Luciana Caporaletti standing among plants in the Amazon.

The power of plants

Penn State Wilkes-Barre faculty member Luciana Caporaletti traveled to Peru in May to study plants used for medicinal purposes by indigenous people. Her research team visited a remote area of the Amazon rainforest in the northeastern part of the country, living with members of the Urarina tribe as they learned about the plants and tribal culture.
By: Goldie Van Horn
Penn State Wilkes-Barre researcher lives with indigenous tribe in South America while studying plants used as medicine

Indigenous people throughout South America use native plants to treat a variety of illnesses. Thanks to a research team that included a faculty member from Penn State Wilkes-Barre, Americans may one day have the opportunity to learn more about the plants that are harvested there. Luciana Caporaletti, lecturer in biology, traveled to Peru in May to study the plants used for medicinal purposes.

The team’s research project, “Environment, Society, and the Amazon,” received a strategic research initiative seed grant offered by Penn State, Pontificia Universidad Católica del Perú, and Universidad Nacional De Ingenieria. Faculty members from each of the three universities participated in the trip.

More than 400 indigenous tribes live in the Amazon basin, including about 50 in Peru. Caporaletti and about 10 others from the research group visited a remote area of the Amazon rainforest in the northeastern part of the country, taking a 10-hour boat ride from near the airport in Iquitos to the region they would stay in. The team lived with members of the Urarina tribe for a week as they learned about native plants and tribal culture.

“Our goals were to build a relationship with the community and to interview the Urarina people to learn about the plants and understand how they use them,” Caporaletti explained. “These plants are easily accessible to the people there, and we relied on a few people within the community to guide us to areas where we could find them. We collected the plants and then brought them back to the community for identification and to ask what they were used for. They use various plants for treating inflammation, gastrointestinal disorders, and more.”

Members of the tribe had given the team permission to stay with them while they conducted their research. They were compensated with money and materials, particularly food.

Members of the Urarina tribe have lived along river basins in the Amazon for hundreds of years. All of their homes and other buildings are on stilts so they stay above water when the water level is high during the rainy season. The tribe is a self-sufficient community whose members speak their own language.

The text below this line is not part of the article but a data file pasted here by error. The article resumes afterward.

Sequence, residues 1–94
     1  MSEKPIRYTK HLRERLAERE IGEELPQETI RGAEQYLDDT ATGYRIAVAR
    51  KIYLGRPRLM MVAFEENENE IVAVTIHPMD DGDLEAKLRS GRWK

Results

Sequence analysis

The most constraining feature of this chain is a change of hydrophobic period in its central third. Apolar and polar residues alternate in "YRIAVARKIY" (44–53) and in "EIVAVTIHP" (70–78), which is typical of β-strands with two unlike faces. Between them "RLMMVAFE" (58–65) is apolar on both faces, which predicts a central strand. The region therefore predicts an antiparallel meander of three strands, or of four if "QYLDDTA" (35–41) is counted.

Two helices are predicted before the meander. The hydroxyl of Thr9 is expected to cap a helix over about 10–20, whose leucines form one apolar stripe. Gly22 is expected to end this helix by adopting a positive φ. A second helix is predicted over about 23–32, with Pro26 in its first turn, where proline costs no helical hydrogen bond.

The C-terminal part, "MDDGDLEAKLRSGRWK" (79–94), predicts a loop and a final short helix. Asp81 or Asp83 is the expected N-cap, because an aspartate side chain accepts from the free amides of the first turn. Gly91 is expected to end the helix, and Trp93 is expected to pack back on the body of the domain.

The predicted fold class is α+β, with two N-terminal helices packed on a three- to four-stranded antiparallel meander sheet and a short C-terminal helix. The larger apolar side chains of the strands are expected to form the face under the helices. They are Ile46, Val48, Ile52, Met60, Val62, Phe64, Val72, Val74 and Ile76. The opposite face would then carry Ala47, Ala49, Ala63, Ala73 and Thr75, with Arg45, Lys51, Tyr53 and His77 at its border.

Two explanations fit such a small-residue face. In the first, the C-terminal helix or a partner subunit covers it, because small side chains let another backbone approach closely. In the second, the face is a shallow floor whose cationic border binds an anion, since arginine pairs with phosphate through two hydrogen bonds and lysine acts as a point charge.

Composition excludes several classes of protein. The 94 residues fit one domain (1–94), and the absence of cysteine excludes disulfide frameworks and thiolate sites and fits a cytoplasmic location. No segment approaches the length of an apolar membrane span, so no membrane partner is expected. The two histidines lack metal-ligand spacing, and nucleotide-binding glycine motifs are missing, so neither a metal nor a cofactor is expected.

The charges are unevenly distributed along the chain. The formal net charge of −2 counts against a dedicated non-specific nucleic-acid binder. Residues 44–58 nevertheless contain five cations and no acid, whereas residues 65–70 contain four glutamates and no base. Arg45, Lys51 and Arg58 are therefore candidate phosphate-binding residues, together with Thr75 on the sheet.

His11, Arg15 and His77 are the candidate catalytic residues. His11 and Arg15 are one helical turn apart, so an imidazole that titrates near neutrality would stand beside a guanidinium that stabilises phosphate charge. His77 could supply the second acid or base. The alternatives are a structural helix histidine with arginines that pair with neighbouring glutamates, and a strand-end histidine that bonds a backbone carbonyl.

Two women in a thatched hut on a river

Two young mothers of the Urarina society. The Urarina population is estimated to be roughly 2,000. The Urarina rely on hunting, fishing and farming to support their families. 

Credit: Luciana Caporaletti / Penn State Wilkes-Barre

“They raise their own chickens and ducks and farm plantains. They rely on the Amazon for bathing, washing, drinking and cooking,” Caporaletti described. “They have some power from solar panels on the buildings. They travel by boat wherever they need to go.”

The research team plans to present its findings from the data collected on the trip. They also hope to secure permits to bring the plants back to the United States for further study. In the future, Caporaletti would like to have a student accompany her on the trip, or perhaps develop a field course that would allow several students to travel with her to the area.

The trip included several firsts for Caporaletti: her first research grant, her first research project as the principal investigator, and her first international research trip. She has long held an interest in plants and how they are impacted by change.

“My students will study the effect of salt water on plants, because as sea levels are rising, more salt water is flowing into areas where plants are not adapted to saline soils,” she said.

Her students will also learn about her research trip and the Urarina culture, along with the importance of sustainability.

“I want students to learn about different people and countries, along with our world’s climate,” Caporaletti said. “As humans, we tend to focus on our inner bubble, but there is real value in introducing students to a culture outside of their understanding and introducing them to another country and how other people live.”

“In talking to my students about this trip, I want them to be aware that even modern medicines come from plant compounds and that not everybody treats illnesses or ailments with the same medicines that we do,” she continued. “I’m not trying to steer them away from Western medicine, but rather to give them an awareness of what’s out there and what other people are doing.”

The team’s research has implications for the study of climate change, particularly on a community that relies heavily on the water.

“We are concerned about climate change and how that is going to have an effect on the Urarina people. Climate change affects water levels, which will affect their farming, housing, fishing and transportation.” Caporaletti explained. “They use canoes to navigate the Amazon and travel several hours by canoe to get to a general store for supplies. There is the potential for climate change to affect them negatively, including access to plants. We want to keep an eye on the area and note any changes we may see.”

Houses of the Urarina along a river

Urarina settlement on the Amazon River. The thatched roofs are made from palm leaves. The houses are on stilts to prevent flooding during the rainy season.

Credit: Luciana Caporaletti / Penn State Wilkes-Barre